Moral Superiority vs Receiving, by Susan Austin-Crumpton

One would think after years and years of study and therapy that I would have a handle on my shame.

I was in a grocery store the other day and had gone through checkout and began the payment process. “Oh, we don’t accept that credit card!,” the clerk said. I dug in my purse and came up with $100. “This is all I have”, I said. So we began removing items from my basket to get the total below one hundred dollars. 

Then I heard an elderly lady behind me tell the clerk, “I’ll pay for her extra groceries”. I felt small and humiliated!  “OH NO! I exclaimed. I’m fine!”  “No, no,” she said. “Just pay it forward.”

I was trembling and felt a shame and humiliation so old that I knew it was not mine. My father spent many years in an orphanage as a child and did not finish high school. He was ashamed that he worked as a laborer and would hide his grease-covered hands (daily grease that would not come out) in his pockets when he went around others. From him, I learned that accepting help from others meant you were less. There was a pride to this feeling that was ancient and handed down generation to generation.

I am a lot like my Dad. He would do anything for anyone else. His generosity with his time and, what money he had, seemed endless. However, I suspect he was constantly proving to himself some kind of self worth, he was trying not to feel less than. My Dad never seemed like he was trying to feel more than anyone else. I suspect he was doing what he could with all that shame handed down to him by circumstance.

I didn’t know I felt that shame. Everyone I have told this story to has replied, “What a lovely person that lady was!” Or “How nice of her.” 

I am feeling fond of this stranger today and very grateful for her kindness in this tense and anxious world. I have no idea of her politics or religious beliefs. I don’t know if she could afford to do that kindness or not. I have no idea of her status in life or anything about her.

Yet, she was my teacher that day and still is. I learned about another part of myself and a deeper self-respect. I am grateful for her lesson to me in receiving kindnesses from others. I gotta practice that.
So, this is one of my versions of paying it forward by sharing this story with you. Letting you see my hidden shame and my joy in learning to receive.

Tag you are it!  Now you pay it forward too!

Susan Austin-Crumpton
   Executive Director & Founder
   The Estuary, Inc.


Susan Austin-Crumpton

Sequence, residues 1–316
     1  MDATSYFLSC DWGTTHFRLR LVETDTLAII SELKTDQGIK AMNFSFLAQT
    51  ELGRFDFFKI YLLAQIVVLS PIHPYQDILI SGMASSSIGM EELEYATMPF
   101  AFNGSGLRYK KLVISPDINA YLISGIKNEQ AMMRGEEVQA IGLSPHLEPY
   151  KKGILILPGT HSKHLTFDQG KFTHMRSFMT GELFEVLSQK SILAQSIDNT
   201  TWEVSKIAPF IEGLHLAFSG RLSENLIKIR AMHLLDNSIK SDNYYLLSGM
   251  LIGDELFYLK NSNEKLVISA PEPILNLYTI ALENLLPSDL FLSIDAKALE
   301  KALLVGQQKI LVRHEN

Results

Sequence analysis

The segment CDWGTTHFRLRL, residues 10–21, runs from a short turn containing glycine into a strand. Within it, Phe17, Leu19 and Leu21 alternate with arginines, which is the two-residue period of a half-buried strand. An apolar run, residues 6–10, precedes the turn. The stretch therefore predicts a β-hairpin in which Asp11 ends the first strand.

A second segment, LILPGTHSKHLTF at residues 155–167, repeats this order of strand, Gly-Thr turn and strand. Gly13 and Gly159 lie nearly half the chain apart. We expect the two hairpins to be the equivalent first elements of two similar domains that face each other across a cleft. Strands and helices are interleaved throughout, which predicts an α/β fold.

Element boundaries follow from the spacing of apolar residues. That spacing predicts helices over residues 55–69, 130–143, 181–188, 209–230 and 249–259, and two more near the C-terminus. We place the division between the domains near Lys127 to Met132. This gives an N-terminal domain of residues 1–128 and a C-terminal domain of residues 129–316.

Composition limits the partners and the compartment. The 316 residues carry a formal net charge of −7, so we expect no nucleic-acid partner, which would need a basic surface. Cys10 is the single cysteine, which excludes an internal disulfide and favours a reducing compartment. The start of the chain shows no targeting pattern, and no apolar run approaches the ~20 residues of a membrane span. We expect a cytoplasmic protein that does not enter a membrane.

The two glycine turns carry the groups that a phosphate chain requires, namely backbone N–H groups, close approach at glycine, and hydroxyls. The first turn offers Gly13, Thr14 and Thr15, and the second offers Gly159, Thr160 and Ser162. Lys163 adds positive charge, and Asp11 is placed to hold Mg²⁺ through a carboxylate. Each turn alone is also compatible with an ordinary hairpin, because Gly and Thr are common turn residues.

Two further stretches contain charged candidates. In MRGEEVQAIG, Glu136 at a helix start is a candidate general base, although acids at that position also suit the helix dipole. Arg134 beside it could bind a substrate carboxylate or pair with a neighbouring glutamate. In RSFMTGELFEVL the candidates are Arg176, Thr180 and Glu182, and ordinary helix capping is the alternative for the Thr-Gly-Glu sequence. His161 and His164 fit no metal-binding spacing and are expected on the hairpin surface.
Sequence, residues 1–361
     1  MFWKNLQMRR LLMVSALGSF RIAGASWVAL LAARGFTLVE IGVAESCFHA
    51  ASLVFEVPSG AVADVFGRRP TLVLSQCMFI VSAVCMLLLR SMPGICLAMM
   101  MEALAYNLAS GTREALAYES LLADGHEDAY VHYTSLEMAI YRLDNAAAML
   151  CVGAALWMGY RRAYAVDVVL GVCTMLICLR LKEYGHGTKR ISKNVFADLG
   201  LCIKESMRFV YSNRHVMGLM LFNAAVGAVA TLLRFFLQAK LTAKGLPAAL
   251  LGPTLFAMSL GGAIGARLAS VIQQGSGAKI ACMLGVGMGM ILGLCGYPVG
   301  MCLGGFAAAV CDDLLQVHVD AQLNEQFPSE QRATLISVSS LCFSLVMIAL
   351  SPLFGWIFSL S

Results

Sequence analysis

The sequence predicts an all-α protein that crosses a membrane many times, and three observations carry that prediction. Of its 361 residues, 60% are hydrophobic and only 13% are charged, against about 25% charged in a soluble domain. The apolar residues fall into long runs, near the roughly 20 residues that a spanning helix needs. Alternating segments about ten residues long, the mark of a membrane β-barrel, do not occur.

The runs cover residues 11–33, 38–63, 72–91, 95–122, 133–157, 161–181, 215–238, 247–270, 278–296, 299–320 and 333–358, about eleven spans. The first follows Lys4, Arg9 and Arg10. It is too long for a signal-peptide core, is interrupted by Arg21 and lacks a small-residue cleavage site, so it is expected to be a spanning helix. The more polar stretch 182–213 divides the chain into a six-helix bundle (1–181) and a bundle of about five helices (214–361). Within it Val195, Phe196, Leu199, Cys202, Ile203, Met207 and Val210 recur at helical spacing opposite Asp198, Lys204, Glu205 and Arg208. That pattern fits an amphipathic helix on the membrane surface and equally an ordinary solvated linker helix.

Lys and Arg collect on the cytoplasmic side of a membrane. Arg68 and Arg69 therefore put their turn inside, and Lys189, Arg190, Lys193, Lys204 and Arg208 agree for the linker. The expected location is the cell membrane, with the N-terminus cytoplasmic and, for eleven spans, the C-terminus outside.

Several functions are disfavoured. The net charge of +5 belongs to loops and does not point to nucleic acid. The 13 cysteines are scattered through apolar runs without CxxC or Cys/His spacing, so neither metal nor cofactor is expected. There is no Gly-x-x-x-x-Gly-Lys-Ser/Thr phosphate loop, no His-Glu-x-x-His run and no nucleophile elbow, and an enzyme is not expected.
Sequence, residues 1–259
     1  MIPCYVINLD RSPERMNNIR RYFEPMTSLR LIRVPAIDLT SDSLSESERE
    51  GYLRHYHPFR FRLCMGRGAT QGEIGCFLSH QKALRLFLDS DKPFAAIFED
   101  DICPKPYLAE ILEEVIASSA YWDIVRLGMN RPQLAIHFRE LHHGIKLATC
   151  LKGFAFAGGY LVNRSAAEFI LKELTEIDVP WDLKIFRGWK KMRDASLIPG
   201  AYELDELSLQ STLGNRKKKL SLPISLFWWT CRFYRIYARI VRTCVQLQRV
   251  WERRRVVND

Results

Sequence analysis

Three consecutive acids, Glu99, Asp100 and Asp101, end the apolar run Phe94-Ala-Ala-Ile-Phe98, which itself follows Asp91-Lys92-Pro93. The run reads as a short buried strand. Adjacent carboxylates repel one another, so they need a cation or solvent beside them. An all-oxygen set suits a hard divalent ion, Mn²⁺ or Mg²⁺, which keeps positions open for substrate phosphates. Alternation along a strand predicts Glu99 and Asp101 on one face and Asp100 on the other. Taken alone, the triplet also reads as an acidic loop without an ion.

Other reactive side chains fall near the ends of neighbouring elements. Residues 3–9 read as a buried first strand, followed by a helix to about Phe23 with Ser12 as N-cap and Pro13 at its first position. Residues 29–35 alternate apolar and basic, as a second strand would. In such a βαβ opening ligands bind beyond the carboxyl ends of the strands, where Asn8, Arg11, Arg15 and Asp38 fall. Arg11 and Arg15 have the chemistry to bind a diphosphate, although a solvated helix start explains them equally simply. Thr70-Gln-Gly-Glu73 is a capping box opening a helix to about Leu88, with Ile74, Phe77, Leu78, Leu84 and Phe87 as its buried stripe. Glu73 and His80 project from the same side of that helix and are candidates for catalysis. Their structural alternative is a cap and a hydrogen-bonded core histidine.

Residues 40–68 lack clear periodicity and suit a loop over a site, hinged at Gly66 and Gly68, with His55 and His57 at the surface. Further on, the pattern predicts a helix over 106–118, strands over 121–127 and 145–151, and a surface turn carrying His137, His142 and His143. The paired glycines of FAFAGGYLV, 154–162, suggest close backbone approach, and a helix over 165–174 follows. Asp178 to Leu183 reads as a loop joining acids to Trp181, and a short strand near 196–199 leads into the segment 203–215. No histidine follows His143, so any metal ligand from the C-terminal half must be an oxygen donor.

Susan Austin-Crumpton, Executive Director and Founder of The Estuary and The School of Healing Arts. Susan’s intention to be fully present and alive with passion and joy requires an authenticity that is her hallmark. Dedication to study and commitment to her clients and students provides The Estuary and the community involved with purpose and meaning not often found in traditional leadership. Susan Austin-Crumpton speaks of The Estuary as being like a wheel, with the staff being each of the spokes, the programs and services as the rim and she is the hub of energy and identity at the center. As the founder of The Estuary and The School of Healing Arts, she has developed the healing techniques and skills taught by the school and integrated into the individual practices of the staff. Susan’s leadership, innovative practice methods and classes have created the foundation of The Estuary and The School. Her varied career history as business owner, a teacher, and a psychotherapist, make her uniquely qualified to bring grounding to healing practices that originate outside the medical and psychological mainstream. Her techniques are truly complimentary to allopathic medicine and traditional psychotherapy, not in conflict with them, as is evidenced by the community support and acceptance over the past twenty years. As the primary teacher at The School of Healing Arts she combines the techniques of energy healing and psychology with Kabbalistic principles into her psychotherapy techniques that bring lasting change into the lives of those who work with her. She works with individuals and groups specializing in depression, anxiety, couples, health issues, addiction, and spiritual connection to life’s meaning and purpose. Susan has completed four years of study in healing science with The Barbara Brennan School of Healing Science and three years of study in Integrative Kabbalistic Healing with Jason Shulman's A Society of Souls. She also holds a degree in counseling psychology from the University of Louisville. She is a pastoral counselor ordained by The Estuary. Susan specializes in integrating transpersonal psychology with energy therapies effectively embodying the mind, body and spirit connection. She has been in private practice for 18 years serving individual processes, coupleship work, group experiences, and health related issues. She is the primary teacher at The School of Self Healing Arts and teaches transpersonal psychology, energy anatomy and therapies, world religion, and experiential therapy techniques. Susan is married and has two daughters and two grandchildren. She loves to study, to learn and grow personally and professionally, and is committed to the well being of her family, students and clients.